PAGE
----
If the email is authentic after performing the above checks, click “Looks safe”, and the banner will disappear. That way, Gmail’s AI will know that you trust the sender and will stop displaying the flag. However, sometimes Gmail won’t let you click Looks Safe. Instead, it will just say “Delete” or nothing at all. This happens because Gmail determines that the email is malicious. If you’re still convinced it’s safe, you’ll have to send a request to Google Support to fix the problem. In any case, if you don’t trust the email, don’t click on any links in the email, don’t download any attachments, and don’t reply.

Click Report Dangerous or Report Phishing

If the message is a phishing scam, clicking “Report Dangerous or Report Phishing” is the only right thing. This will move the suspicious email to your spam folder and alert Google’s anti-malware team to help prevent similar phishing attacks. The email will be automatically deleted after 30 days, but you can also delete it manually.

This Message Seems Dangerous - Godaddy
Select “Report as dangerous”

Scan your device

If you downloaded the attachment from the email, run a Full Scan with a malware scanner such as GridinSoft AntiMalware.

This Message Seems Dangerous – Fix Gmail

This Message Seems Dangerous (Emails I send)

If you are sending an email and your recipients are complaining that they are displaying “This Message Seems Dangerous,” here are a few reasons why this might be happening:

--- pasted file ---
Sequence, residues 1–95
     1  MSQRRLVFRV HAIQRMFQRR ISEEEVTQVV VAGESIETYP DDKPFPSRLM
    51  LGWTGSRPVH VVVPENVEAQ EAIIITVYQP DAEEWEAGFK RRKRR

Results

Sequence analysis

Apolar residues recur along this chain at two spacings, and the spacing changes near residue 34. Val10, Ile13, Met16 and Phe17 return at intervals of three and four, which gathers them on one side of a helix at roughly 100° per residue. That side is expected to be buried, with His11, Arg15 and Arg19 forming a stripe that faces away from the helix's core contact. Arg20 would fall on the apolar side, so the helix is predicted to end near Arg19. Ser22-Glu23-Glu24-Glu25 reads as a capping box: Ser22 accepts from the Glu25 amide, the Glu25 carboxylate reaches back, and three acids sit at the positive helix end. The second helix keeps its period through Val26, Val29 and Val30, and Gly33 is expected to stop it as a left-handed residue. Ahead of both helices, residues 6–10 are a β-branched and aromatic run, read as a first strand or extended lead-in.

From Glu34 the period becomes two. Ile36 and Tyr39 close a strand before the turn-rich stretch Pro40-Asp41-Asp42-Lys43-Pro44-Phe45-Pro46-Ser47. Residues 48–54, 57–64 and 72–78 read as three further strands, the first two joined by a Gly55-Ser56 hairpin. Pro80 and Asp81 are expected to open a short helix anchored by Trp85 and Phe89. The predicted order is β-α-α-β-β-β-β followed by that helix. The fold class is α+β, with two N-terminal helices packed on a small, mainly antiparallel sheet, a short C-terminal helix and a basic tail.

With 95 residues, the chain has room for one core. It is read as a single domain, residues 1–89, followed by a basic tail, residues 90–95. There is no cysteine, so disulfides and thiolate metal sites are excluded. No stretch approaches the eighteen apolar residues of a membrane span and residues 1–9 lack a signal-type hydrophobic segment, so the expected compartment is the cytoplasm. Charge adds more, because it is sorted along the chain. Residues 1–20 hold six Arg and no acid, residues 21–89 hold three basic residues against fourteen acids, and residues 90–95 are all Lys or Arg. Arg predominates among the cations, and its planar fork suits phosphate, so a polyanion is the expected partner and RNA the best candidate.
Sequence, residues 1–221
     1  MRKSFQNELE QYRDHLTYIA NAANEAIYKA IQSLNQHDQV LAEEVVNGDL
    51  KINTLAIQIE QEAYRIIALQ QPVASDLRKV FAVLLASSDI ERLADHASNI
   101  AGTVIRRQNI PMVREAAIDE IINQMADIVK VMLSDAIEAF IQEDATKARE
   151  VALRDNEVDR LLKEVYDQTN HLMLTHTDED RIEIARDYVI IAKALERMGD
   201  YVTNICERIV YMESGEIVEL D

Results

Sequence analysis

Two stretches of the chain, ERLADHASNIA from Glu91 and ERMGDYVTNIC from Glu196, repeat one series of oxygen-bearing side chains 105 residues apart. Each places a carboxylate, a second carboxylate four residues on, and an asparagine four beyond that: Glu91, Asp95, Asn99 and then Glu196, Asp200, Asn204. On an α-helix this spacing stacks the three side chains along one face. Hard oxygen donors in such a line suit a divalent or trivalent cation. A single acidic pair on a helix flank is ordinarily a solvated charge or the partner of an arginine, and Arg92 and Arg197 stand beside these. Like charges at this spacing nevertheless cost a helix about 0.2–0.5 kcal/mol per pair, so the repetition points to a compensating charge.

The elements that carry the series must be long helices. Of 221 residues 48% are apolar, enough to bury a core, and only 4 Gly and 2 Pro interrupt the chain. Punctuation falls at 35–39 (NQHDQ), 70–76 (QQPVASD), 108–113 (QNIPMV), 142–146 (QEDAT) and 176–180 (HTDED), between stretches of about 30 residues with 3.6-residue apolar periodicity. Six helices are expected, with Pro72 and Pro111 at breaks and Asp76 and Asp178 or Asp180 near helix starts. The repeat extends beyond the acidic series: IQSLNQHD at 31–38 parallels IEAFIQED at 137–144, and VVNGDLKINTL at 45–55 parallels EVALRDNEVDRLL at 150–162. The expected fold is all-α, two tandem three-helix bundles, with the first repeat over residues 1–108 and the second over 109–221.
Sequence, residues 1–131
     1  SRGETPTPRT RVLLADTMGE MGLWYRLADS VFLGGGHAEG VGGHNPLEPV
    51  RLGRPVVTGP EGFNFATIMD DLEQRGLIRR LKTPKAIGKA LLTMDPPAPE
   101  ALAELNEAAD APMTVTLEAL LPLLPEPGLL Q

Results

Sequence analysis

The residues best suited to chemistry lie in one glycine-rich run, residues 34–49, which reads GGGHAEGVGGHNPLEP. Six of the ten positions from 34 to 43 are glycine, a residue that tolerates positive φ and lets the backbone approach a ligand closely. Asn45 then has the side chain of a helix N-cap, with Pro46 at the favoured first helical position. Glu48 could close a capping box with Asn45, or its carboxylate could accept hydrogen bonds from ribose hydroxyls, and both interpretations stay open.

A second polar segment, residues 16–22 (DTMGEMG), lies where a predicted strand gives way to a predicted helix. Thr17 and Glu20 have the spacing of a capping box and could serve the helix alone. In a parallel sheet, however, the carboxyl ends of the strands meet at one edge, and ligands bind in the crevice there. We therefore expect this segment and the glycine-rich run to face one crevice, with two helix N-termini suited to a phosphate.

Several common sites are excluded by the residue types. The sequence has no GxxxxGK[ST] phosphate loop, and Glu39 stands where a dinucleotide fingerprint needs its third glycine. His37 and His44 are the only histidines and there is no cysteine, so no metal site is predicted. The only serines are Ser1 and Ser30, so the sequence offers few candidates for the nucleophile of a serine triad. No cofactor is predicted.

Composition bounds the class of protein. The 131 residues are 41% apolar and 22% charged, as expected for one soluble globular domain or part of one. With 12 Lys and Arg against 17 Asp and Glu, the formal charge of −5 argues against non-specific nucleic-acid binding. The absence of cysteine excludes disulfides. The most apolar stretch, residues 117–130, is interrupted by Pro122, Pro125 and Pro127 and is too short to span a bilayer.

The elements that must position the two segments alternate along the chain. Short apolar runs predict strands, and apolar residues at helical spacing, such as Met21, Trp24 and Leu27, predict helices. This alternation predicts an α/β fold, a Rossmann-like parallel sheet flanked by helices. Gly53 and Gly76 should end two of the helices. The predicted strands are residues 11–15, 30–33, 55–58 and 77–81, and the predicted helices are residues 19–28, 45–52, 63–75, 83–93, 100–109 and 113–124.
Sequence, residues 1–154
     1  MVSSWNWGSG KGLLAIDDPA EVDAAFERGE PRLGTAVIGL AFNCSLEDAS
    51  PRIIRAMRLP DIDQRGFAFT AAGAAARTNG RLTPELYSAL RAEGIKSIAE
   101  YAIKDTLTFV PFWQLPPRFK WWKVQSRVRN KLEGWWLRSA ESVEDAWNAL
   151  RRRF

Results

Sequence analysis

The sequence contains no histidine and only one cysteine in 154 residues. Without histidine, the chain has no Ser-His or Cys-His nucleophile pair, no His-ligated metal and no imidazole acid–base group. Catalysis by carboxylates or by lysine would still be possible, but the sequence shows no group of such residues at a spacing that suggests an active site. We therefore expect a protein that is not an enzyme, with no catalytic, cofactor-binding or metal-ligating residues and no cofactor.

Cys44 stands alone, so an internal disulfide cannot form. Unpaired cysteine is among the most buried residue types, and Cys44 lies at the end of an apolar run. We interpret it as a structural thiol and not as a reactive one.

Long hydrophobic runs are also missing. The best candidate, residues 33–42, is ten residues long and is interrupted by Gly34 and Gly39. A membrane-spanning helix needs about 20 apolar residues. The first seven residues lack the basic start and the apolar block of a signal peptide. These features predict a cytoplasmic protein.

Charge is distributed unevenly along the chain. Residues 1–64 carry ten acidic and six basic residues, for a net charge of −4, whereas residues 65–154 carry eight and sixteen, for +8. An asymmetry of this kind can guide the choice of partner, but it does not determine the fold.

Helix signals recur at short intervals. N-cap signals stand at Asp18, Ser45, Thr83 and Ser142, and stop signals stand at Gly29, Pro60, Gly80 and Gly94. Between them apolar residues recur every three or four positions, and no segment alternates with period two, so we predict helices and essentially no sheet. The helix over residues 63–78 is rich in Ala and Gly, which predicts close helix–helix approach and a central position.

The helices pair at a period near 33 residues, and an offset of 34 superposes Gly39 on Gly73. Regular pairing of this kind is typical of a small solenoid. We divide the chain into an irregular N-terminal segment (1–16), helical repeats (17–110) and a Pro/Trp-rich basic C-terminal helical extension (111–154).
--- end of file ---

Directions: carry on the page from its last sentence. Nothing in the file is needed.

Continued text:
• Too many recipients (the system often labels chains of emails that way);
  • Poor grammar/punctuation;
  • Too many images;
  • Too many attachments;
  • Too many hyperlinks;
  • Your email address is in the spam filter database;
  • You have not set up email authentication;
  • Your device is infected with malware;
  • The email has no unsubscribe button (or link); you are sending it from the corporate domain.

The following steps may help solve this problem.

Clear your emails

Google automatically tags emails that meet the criteria above to protect users from phishing links. So, you can try to remove images, links, and attachments and make sure your email is free of simple errors. For example, suppose you are sending emails with a design element. In that case, there may be code in your email template that causes your messages to be flagged as dangerous. Experiment with your template content by removing elements and sending test emails to see when a warning appears and when it doesn’t. You can find the source of the problem this way.

If you send business emails to a mailing list, it’s essential to check your rejection and complaint rates. You need to keep them as low as possible by immediately removing those addresses where you received a rejection or complaint from your database. You can try sending an email to fewer people or using Gmail’s “blind carbon copy” (BCC) feature. This feature will hide the recipients’ email addresses from each other. This way, the likelihood of Gmail flagging your email is reduced because you won’t be spreading personal information (PII).

Set up email authentication